Students Angry Over Soaring Rents


STUDENTS are up in arms at the soaring cost of their accommodation on top of £9,000 a year tuition fees and government plans to scrap maintenance grants for the half a million students from poorer backgrounds who rely on them.

Many are calling for a national rent strike, following rent strikes that took place at London’s School of Oriental and African Studies (SOAS) and University College London in June.

Tom Robinson of the National Campaign against Fees and Cuts told News Line yesterday: ‘We believe student accommodation is exorbitantly expensive and completely wrong because it’s run for profit.

‘We call for rent cuts and caps. We’ve seen escalating action in the form of rent strikes. We want to take this to a national level of rent caps. I welcome the NUS vice president’s call for rent controls.’

Earlier yesterday, Shelly Asquith, NUS vice-president of welfare, warned: ‘The message from campaigners to the government and universities is clear: introduce rent controls or rent hikes will lead to rent strikes. Students are facing a housing crisis with an ever-narrowing gap between their incomes and what they are expected to pay in rent.

‘With student finance failing to take account of the growing cost of living, we are now at a point where the average price of purpose-built student accommodation represents 95% of the maximum student loan. There needs to be enforced rent controls to put an end to this.’

She added: ‘Universities have failed to secure affordable accommodation and have either invested in expensive stock themselves or sold off old stock to private developers. It has become such an explosive market and is cutting huge amounts of poorer students out of university.’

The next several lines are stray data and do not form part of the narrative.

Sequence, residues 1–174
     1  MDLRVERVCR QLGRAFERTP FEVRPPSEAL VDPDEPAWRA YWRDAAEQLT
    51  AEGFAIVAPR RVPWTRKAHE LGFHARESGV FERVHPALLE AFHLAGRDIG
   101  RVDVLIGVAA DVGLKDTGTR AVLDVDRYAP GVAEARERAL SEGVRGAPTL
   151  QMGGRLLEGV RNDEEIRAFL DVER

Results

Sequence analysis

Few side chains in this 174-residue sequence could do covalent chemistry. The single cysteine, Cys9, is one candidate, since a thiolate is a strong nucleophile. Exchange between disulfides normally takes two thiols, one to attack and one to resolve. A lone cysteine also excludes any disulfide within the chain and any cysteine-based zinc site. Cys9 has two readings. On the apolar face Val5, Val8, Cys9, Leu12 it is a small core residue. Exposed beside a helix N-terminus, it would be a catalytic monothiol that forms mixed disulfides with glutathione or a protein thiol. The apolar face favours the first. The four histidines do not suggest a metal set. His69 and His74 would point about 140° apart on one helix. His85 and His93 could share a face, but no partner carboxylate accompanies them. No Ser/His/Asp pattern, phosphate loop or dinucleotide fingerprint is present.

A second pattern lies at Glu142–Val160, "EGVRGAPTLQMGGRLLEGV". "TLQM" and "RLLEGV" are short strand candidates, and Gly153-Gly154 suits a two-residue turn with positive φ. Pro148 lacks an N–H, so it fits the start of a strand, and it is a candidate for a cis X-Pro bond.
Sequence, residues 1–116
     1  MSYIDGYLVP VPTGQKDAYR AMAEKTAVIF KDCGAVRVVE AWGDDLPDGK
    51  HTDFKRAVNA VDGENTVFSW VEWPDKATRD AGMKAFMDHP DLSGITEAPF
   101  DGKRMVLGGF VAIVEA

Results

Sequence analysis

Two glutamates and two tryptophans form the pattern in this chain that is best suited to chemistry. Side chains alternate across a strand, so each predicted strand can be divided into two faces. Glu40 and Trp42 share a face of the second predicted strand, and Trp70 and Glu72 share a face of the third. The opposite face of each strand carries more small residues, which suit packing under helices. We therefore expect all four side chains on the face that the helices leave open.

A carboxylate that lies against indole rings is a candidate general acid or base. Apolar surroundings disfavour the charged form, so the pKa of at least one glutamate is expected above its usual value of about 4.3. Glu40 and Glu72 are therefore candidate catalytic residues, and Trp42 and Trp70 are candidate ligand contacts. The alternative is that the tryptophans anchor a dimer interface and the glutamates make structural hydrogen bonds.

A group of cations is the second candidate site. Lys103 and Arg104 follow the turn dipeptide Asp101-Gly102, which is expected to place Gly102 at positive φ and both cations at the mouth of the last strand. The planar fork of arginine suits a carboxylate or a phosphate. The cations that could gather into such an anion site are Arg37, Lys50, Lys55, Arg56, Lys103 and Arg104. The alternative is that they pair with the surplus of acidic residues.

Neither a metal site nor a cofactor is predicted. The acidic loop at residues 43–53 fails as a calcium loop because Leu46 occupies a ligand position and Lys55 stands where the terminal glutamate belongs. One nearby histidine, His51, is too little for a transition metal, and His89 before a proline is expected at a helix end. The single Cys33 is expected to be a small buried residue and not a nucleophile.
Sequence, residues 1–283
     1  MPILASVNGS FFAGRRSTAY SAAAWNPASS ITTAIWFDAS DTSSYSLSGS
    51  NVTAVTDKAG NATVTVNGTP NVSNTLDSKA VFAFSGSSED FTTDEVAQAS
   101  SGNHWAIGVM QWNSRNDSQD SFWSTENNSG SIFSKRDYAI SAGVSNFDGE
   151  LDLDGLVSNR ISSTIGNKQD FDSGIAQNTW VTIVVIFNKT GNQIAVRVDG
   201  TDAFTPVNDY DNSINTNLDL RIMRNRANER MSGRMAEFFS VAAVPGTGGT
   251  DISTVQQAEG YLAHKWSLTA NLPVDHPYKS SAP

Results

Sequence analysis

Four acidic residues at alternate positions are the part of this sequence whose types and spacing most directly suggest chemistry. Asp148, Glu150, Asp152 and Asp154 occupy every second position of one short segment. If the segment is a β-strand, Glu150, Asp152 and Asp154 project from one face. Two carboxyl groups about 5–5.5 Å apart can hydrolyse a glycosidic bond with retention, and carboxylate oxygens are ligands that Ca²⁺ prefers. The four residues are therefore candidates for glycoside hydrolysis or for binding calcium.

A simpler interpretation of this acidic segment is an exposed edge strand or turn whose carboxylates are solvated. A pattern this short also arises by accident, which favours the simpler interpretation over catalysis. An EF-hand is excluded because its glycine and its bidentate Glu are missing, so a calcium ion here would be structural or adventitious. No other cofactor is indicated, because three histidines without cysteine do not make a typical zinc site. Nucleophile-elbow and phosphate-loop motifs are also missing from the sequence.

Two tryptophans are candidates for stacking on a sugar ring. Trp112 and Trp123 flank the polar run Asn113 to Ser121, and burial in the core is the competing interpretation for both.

Housing charity Shelter director of communications, policy and campaigns, Roger Harding, confirmed: ‘With sky-high rents, students are struggling to find accommodation in the private rental sector. Even when people do find somewhere, we too often hear from students dealing with issues like poor conditions, unprotected deposits and unfair terms in tenancy agreements.’

Shelter’s Private Tenant Survey has found that 50% of students are struggling with rent and 40% of student renters had borrowed money to meet their monthly rental payments, in the last year. In June, SOAS students won compensation over substandard accommodation. SOAS students union said: ‘Residents at Dinwiddy and Paul Robeson halls have been withholding over £100,000 in rent as a protest against a lack of management response to cockroach and rodent infestations, unsafe and insecure infrastructure, repeated water and hot water outages, and many other problems besides.

‘The halls house 778 students from SOAS university, and are owned and run by Sanctuary Students. Over 150 residents from both halls withheld their final instalment of rent of at least £769.08 each, which was due to be paid on Thursday 23rd April. Following compensation offers, the Residents’ Council, which represents residents of the halls within SOAS Students’ Union, called an end to the rent strike and residents have paid their final instalments of rent.’

Last month, the NUS launched its #CutTheCosts campaign and plans to lobby MPs on September 18th against scrapping maintenance grants.